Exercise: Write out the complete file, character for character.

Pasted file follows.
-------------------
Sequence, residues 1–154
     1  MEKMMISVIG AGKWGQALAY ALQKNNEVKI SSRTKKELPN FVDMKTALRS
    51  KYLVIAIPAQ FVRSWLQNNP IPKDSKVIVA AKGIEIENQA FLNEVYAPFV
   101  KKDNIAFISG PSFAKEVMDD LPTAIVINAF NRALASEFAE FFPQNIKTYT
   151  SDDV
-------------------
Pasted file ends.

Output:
Sequence, residues 1–154
     1  MEKMMISVIG AGKWGQALAY ALQKNNEVKI SSRTKKELPN FVDMKTALRS
    51  KYLVIAIPAQ FVRSWLQNNP IPKDSKVIVA AKGIEIENQA FLNEVYAPFV
   101  KKDNIAFISG PSFAKEVMDD LPTAIVINAF NRALASEFAE FFPQNIKTYT
   151  SDDV